McDonald's going Green

McDonald’s is going green. Not just in the larger corporate responsibility sense, rather they’re changing the actual colour of their logo, to green. News comes from Europe, where the company is a bit more progressive, at least outwardly.

About 100 German McDonald’s restaurants will make the change by the end of 2009

That’s from an AP article highlighting the change.

As much as environmentalism is in my genes, I’m more interesting the branding ramifications of this. McDonald’s introducing a new colour into their brand DNA is a huge step, and is therefore a sort of pocket rebranding. For a brand to be successful, it must accurately reflect the company behind the brand, and the product behind the company — so is McDonald’s a Green company from the top down? Are stores outfitted with energy-efficient tech? Are products made from environmentally-friendly food sources? Is packaging made from recycled materials? Are the staff thrifty and resourceful? If not, they have no business with a green logo, now do they.

Changing the colour of a logo is also an experiment in consumerism. How will passersby react to the new McDonald’s logo? With something so recognisable as the red-and-yellow outfitting of McDonald’s restaurants, signage, and advertising, a change to green may have the unintended side effect of eroding the brand for its ability to attract impulse buyers. Red, after all, is the colour that yells, constantly bugging unsuspecting folks to pay attention or perhaps do something dramatic (like buy a hamburger).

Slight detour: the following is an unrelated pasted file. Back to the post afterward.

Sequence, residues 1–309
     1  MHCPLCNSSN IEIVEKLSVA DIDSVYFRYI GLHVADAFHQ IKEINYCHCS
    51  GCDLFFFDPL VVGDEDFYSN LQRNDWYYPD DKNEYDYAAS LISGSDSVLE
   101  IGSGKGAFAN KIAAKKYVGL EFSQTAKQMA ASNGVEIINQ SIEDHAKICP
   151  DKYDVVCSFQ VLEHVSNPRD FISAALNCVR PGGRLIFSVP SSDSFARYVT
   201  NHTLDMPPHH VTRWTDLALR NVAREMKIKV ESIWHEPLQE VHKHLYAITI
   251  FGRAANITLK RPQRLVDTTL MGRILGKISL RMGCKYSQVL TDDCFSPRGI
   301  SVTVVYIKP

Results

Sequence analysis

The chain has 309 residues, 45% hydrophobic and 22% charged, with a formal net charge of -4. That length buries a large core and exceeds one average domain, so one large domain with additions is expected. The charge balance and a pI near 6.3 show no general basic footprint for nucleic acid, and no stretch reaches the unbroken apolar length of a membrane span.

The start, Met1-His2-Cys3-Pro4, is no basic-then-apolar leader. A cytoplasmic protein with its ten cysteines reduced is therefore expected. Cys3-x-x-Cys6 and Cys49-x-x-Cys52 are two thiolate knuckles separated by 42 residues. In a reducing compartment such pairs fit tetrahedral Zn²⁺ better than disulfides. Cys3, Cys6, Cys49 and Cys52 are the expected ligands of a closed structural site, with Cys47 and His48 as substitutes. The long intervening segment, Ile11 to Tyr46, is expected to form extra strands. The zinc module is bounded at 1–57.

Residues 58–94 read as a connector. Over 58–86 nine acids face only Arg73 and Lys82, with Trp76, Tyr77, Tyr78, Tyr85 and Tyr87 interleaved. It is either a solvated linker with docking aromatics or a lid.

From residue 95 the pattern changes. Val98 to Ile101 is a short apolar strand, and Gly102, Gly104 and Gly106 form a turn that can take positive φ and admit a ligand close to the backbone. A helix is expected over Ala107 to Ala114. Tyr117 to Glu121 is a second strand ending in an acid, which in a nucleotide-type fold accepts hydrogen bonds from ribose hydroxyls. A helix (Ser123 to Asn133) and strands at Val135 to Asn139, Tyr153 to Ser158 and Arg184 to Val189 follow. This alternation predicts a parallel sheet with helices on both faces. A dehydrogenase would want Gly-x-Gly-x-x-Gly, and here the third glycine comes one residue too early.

Here’s another point: Doesn’t this seems like a desperate effort to ‘appear’ Green, rather to actually be Green? If McDonald’s wants to change its behaviours to lean toward the environment, they don’t need an invitation. Just change. With a bit of authenticity, and maybe some kind press, I’m sure folks will get the message. Posters and ads could start using Green, while maintaining the red-and-yellow scheme. While they are always free to re-design their brand, a change of this kind solely to express a new effort toward environmentalism doesn’t seem necessary.

They could try another tactic: serve actual food. That might help reconnect the McDonald’s brand to the Earth, farming, and the notion of the environment in general. But what do I know, I’m no CEO.